Collections > Electronic Theses and Dissertations > Acceptance of health services on mobile phones: a study of consumer perceptions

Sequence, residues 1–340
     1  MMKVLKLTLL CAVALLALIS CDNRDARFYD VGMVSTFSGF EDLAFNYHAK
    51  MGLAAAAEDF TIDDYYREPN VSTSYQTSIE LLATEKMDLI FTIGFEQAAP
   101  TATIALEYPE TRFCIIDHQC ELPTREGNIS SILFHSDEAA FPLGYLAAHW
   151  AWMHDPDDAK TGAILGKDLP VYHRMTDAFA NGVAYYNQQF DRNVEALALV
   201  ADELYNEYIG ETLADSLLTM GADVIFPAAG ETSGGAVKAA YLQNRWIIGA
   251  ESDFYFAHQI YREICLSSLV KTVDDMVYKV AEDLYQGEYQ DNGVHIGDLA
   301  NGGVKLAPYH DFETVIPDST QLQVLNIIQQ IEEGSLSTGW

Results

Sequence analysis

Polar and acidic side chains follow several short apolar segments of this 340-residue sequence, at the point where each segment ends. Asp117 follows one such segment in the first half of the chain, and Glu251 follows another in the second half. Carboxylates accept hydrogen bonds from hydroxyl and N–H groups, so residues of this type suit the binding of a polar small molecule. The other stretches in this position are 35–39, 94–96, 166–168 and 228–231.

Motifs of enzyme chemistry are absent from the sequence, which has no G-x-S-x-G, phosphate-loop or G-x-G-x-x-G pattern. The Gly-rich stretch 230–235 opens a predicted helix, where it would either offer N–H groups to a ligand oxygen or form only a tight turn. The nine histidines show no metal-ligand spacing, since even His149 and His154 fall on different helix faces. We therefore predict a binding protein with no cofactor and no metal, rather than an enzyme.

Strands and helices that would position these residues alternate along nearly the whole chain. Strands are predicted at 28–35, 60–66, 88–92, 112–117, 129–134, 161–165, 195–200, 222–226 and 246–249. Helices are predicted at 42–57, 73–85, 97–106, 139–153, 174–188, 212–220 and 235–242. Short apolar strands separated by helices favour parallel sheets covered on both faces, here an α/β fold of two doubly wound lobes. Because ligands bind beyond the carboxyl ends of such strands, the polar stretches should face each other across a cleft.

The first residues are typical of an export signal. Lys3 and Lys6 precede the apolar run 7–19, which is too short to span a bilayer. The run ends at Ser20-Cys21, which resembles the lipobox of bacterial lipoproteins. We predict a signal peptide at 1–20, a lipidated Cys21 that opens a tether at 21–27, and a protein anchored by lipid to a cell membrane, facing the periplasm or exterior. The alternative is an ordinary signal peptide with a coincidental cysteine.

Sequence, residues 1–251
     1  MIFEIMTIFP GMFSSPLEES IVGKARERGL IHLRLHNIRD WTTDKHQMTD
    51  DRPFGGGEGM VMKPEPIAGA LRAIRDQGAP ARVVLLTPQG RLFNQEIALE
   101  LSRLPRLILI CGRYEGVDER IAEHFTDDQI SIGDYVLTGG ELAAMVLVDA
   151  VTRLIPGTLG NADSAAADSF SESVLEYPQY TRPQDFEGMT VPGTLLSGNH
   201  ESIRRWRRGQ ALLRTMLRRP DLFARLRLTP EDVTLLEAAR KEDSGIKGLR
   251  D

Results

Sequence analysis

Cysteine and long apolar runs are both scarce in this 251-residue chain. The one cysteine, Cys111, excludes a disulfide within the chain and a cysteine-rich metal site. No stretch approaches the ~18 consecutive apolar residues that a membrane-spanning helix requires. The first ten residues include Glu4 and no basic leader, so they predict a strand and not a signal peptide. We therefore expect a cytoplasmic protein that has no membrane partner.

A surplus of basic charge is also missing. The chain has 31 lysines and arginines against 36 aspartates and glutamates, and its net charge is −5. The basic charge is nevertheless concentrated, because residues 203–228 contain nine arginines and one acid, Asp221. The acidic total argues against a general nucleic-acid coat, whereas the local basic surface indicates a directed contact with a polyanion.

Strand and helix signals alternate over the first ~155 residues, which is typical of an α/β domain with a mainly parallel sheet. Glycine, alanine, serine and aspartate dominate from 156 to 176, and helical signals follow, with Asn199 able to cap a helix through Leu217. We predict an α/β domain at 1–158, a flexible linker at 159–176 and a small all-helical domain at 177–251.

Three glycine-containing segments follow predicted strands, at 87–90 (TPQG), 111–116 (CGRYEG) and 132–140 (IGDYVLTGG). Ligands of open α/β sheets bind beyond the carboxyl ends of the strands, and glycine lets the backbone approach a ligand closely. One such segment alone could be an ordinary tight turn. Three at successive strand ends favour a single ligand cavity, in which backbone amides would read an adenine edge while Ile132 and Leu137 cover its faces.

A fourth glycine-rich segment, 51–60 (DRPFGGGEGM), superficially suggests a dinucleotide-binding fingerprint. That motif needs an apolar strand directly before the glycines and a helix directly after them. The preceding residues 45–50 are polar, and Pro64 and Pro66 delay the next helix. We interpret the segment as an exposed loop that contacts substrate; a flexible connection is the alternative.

CONTEXT: Mobile phones are a popular technology capable of portable computing and data access. These features could be helpful for delivering health care services. OBJECTIVE: This study examined health consumers' perceptions of mobile phone health services and their intentions to adopt the technology. DESIGN: Participants viewed a presentation introducing mobile phone services for interacting with health professionals, taking health actions, delivering health information, and managing health care services. Afterwards, semi-structured interviews inquired about their perceptions and acceptance of the technology. ANALYSIS: Qualitative analysis identified emerging themes from interview transcripts. PARTICIPANTS: Forty adult health consumers who were healthy individuals or patients with chronic health conditions - additionally, they had experience with health services delivered through information technology, or they did not. RESULTS: All participants intended to use the technology: thirty were ready to adopt immediately, while ten intended to adopt later upon the need or when particular conditions were met. Among all respondents, sixteen were interested in adopting a selection of the services only. Diverse motivations and pathways may shape health consumers' adoption decision. However, the general process has potential adopters considering their health status and health environment, their personality, and the perceived helpfulness of the technology. Helpfulness was determined by reflection upon positive and negative perceptions of the technology and consideration of usability and safety. Participants had positive impressions that the technology supports healthy behaviors and fosters quality and efficiency of care. There were also preferences for mobile and digital health services. Furthermore, participants believed the technology could support health information behaviors. The negative perceptions were concerns that the technology requires immense resources and skills, is stressful to use, neglects the social dimension of health care, and threatens the quality of care. Consequently, there was interest in the development of safe, responsive, and inclusive mobile health systems. Implementation of mobile phone health services should respond to health consumers' interests and concerns. CONCLUSION: Health consumers are interested in using mobile phone health services.